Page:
I learned a lot, much of which I'd probably be happier not knowing. One thing the author does very well is show the extraordinarily complicated balance between the security needs of the country and the privacy needs of its citizens. As he notes, the balance means one thing when all parties play by the rules and acknowledge the norms of democratic political practice. It would mean something else entirely were there to be a president willing to gain access to all our communications in order to gain and maintain power.

Gellman reads his own book, and he does it very well.

2 people found this helpful

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  • WD
  • 01-08-21

My opinion of Edward Snowden is evolving

I am a liberal Democrat and a patriot who loves this country and knows it is a unique bastion in the world. I had not thought twice about Snowden’s guilt or innocence since he fled to Russia. He was a traitor to our country. Recently I saw Brian Williams’ long interview with Snowden and I began to reevaluate my position on Snowden and the secrecy state he claims to be fighting. That is how I came to this book which is an excellent journalistic examination of the man and the issues. It is roughly chronological but takes in the breadth of the history of surveillance in America; how we got here and where it may take us. Excellent performance as well as diligent editing with none of the too frequent mis-pronunciation and recording flubs of some Audible titles.

1 person found this helpful

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Narration unbearable.

Narration should have been done by someone that knows how to narrate a book. Author does a horrible job, could not even finish chapter 1 before his droning voice put me to sleep. waste of money, your better off getting book.

1 person found this helpful

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An even-handed accounting of the Snowden event.

I've read several accounts of the Snowden event, including Snowden's own book and Glenn Greenwald's. While I enjoyed both of those, I felt like I wasn't getting the entire story.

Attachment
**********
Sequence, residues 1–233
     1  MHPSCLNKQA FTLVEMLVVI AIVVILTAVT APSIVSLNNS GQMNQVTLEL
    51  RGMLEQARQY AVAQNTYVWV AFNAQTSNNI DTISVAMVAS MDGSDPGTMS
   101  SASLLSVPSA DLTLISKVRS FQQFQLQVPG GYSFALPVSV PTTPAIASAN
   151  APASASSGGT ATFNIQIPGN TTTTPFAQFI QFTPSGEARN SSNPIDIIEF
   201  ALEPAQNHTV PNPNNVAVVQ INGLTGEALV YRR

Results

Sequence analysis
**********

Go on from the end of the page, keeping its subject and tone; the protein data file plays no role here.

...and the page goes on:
Barton Gellman, however, seems to give a more complete accounting of events, and I didn't feel like I was having a narrative pushed on me.

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Nonfiction? Don’t Deceive Yourself -Trump Derangement Pseudo Journalusm

It had all the elements possible for greatness…and then the author fulfills his leftist calling by weaving anti Trump nonsense into the Snowden story. Yes, Snowden - somehow Obama, Biden, Clinton, Comey, Bush, etc., etc., are held to a laughably lower standard than Pres. Trump. I’d say “surprising” but, of course, that would be untrue. The left has lost all ability to report, debate, discuss and think without shouting Trump - even in the most ridiculous circumstances. And blaming Trump here is utterly ridiculously and, given the intelligence, law enforcement and justice abuse wrought upon Pres Trump, it leaves the listener wondering if this author is capable of truly independent thinking? Doubtful. But I am sure he still lunches with his intelligence buddies while they screech about Trump. His envy of Glenn Greenwald makes perfect sense now.

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12 hours of Ben Stein-esk narration

what did i just listen to? can't remember because i slept through the whole book. the narrator is like listening to a monotone sleep inducing stuffy nosed meditation CD.

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Sheds light on the fragile state of our democratic-republic

Extremely well written. Difficult to put resulting emotions and concerns into meaningful words.
With regard to surveillance .... Fascinating, Terrifying, Disappointing. Trace the timeline of how we arrived here ... in such a short period of time. Raises the questions .... What is going on now? What’s next?

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  • JL
  • 08-26-20

Read well by author.

Thank you to Bart Gellman for taking time to read his book. The book is a tour de force of ideas, explanation of complex topics and personal odyssey in which the author back traces his journey while taking us along with him.